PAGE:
THE BLOG
06/15/2010 11:49 pm ET | Updated May 25, 2011

Protect What You Love: Re-Define Your Health, Tend to Your Planet

When you think about health one of the most significant things you can change is your perspective. The way you think about health, shapes your health. If you think only your body matters, you might eat well and exercise, but then your worry or anger will negate those efforts. If you think you are a body and a mind, you might also learn to manage your daily stress, but then you might not tend to the deeper emotional wounds behind it all, nor focus on a connection to a higher power or the world around you.

The question follows, "what isn't a part of my health?" Spiritual traditions will tell you that you are deeply interconnected with the world, and what is done to one is eventually felt by all. Science now knows the same principle to be true. There is no debate, all of life is interconnected and the pollution in the air and water is as much a part of your diet as what you buy in the store. Everything impacts your health; the world is an extension of your body in a very literal way.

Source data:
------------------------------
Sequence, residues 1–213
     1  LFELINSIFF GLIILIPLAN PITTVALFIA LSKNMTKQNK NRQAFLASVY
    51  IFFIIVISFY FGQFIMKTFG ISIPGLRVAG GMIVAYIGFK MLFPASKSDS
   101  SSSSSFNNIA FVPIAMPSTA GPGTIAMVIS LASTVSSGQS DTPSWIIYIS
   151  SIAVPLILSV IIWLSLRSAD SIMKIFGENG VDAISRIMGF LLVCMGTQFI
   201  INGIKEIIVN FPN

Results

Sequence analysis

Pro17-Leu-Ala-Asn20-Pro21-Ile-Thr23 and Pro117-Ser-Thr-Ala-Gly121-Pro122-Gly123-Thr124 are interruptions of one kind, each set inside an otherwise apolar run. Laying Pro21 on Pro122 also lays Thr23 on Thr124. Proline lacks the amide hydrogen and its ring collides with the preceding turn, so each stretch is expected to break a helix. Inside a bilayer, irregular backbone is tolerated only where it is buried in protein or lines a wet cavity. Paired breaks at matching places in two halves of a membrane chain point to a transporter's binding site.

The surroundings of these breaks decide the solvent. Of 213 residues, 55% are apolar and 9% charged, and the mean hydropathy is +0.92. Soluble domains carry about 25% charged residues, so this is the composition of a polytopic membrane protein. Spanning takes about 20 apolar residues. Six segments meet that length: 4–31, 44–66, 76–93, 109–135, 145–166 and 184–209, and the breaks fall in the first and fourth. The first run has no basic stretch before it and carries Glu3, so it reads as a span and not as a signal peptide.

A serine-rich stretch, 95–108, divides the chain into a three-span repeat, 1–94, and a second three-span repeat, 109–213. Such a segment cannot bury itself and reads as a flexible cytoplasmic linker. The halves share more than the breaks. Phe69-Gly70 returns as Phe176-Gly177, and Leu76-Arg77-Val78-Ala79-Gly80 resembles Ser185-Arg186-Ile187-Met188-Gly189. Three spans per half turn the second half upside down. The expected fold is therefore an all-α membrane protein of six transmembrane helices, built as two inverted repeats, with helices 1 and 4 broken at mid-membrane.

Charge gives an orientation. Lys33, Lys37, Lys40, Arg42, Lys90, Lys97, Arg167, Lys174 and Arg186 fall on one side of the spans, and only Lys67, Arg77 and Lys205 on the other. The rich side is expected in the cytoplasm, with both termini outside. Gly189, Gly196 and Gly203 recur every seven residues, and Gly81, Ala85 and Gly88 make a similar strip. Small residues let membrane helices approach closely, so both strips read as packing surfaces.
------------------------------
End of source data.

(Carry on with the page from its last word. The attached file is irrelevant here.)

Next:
This means that if you are concerned with your health, you should be concerned with the health of your planet. You can't see your body metabolize Vitamin C, but you know you need it and that your body uses it well. You can't see the massive oil spill off the Gulf Coast (partially because the Coast Guard and BP Oil are controlling media access), but you still know its impacting our world. I am struggling to make a difference and have accepted that I won't be flying down to help. But I can make donations to charities that are helping, I can write my Governor or Senator, I can ask my friends to get involved, and maybe some of them have connections or time to help. I am sending this blog to all my posts (which breaks some blogging rules) since it is one effort to help make a difference.

Because my next book is about the connection between inspiration and health (Inspiration Deficit Disorder), I have found myself talking to a lot of people about lifestyle changes and how to make themselves happy. But true inspiration impacts others and makes the world a better place. And though it's unpopular to say, it is not just about being in the world it is also about doing - the core of an inspiration deficit is believing one thing (like valuing nature) and then doing another (ignoring massive environmental catastrophes). This kind of incongruence may not touch you in the short term, but in the long term it may impact us all.